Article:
Hasbro Family Game Night 3 Review
After the mediocre showing of the first Game Night on XBLA, Hasbro’s virtual board game collections lost all appeal to me. The fact that subsequent releases were not backwards compatible with the Game Night HUB was also disappointing, making transparent that EA and Hasbro were in it for the quick cash rather than the long haul.
While this still holds true, there’s no denying that Game Night 3 is a considerably more well-rounded package than previous entries. You may be wondering how games like Clue and Twister translate to a controller-based game, and the answer is quite simple: they don’t. EA has “re-imagined” some of these games to better fit the video game formula, and for better or worse, it actually kind of works.
Starting with Clue, up to four players enter the mansion where a murder has been committed. As traditional Clue play dictates, players much present the police with a murder suspect, a weapon, and the room in which the crime was carried out in order to win. Each player only gets one shot at this, however, so accusations can’t be thrown around lightly. Players role dice and navigate around the board, talking to suspects in order to fill out their evidence card, which automatically updates as individuals, rooms, or items are ruled out. You best trust who you are playing with, however, as any time you need to refer back to your evidence card everyone in the room must shut their eyes. There isn’t a way around it, but it is annoying nonetheless.
As players roam around the mansion they can choose to collect rumor points - a new addition to play. When their rumor meter is maxed out, it offers the player a chance to validate their assumptions without risk of being eliminated. Sometimes rumor points are gifted by landing on a particular space, and other times they are awarded through simple minigames. Small additions such as this make Clue the most rewarding Hasbro title by far, offering up true competition and strategy where others fall flat. This only holds true when playing with friends, though, as the AI seems to prefer pacing back and forth in an empty hallway to any tangible form of participation.
Twister would have made a great Kinect offering, yet the developers instead opted for a Parappa the Rapper-style rhythm game. You will get to choose from six songs spanning three music genres (pop, funk, and disco), then take to the dance floor by hitting a sequence of buttons based off your memory. While this may prove challenging for some, the string of six or so presses offers no real progression in difficulty, and as such isn’t worth revisiting once you’ve given it an initial go.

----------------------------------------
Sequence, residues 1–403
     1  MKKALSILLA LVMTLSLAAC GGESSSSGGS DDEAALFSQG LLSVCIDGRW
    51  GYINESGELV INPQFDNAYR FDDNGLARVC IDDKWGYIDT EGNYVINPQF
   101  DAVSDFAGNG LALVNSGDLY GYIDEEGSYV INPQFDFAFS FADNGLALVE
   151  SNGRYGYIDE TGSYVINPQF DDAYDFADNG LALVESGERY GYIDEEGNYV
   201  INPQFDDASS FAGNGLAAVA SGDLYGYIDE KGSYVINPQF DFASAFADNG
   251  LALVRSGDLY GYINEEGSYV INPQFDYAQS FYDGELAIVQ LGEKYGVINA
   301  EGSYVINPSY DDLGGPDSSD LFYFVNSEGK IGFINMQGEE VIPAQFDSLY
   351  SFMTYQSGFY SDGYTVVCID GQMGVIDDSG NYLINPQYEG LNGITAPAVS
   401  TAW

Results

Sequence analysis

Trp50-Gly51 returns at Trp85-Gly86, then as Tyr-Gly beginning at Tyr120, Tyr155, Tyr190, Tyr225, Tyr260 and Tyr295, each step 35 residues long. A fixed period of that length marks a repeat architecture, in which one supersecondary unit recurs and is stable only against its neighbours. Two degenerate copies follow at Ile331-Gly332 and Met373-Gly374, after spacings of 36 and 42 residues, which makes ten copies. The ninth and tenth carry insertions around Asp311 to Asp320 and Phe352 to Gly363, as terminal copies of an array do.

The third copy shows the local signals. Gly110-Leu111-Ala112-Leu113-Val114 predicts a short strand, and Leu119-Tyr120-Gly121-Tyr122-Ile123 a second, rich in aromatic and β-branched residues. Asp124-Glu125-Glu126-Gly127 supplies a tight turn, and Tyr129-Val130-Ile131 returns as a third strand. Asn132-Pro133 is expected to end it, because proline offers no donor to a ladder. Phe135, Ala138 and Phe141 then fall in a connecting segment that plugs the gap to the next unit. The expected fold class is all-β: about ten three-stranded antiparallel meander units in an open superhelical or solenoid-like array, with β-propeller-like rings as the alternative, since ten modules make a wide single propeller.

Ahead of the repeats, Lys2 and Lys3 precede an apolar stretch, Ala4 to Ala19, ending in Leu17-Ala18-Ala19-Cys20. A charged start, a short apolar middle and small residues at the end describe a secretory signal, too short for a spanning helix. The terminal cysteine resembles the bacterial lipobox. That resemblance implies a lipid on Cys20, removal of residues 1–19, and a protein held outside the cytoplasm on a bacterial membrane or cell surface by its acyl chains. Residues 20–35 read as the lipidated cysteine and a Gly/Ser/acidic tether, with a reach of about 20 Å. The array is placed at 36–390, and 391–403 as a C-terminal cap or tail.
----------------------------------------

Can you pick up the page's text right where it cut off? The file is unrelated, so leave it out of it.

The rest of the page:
Mouse Trap is almost a direct translation of the board game, and while the presentation itself is fun, it lacks any real competitive edge. The bulk of the game is essentially a co-op endeavor, up until the very end when the mouse trap is completed. At that point in time, the luck of the die decides who will fall victim to the trap you built in tandem. It’s a fun enough distraction - especially with your avatar adorned with cute little mouse ears - but again, offers little incentive to play repeatedly.
While Twister and Mouse Trap are short on replayability, at least they work. This isn’t the case with Yahtzee! Hands Down. The game looks like a Uno mutation rather than the traditional die-based game, and even after reading the How To directions a dozen times, I still have no idea how it is played. I don’t even think the AI knew what they were doing either, which is not surprising considering how utterly brain-dead it is across all modes. If you were hoping to find some sort of enjoyment from Family Game Night 3 in single-player form, you will be left extremely frustrated.
EA attempts to derive longevity from each of their offerings with the addition of a remix mode, but a slight variation of rules does little to bolster play if the game is already anemic. The universal option for quick play is appreciated, however, especially in the longer games like Clue or The Game of Life. Quick play will sometimes change the rules, too. Quick mode In The Game of Life ends after players take five turns each, and tallies up their total worth, rather than simply awarding victory to whoever retires first.
Family Game Night 3 is a mixed bundle of fun party games and underdeveloped duds, and one should never rely on the AI for a good time. That being said, the uppity sound design and vibrant presentation make the overall experience engaging, and results in a good, budget alternative for when titles like Scene It? and Monopoly have grown stale.
[Reviewed on Xbox 360]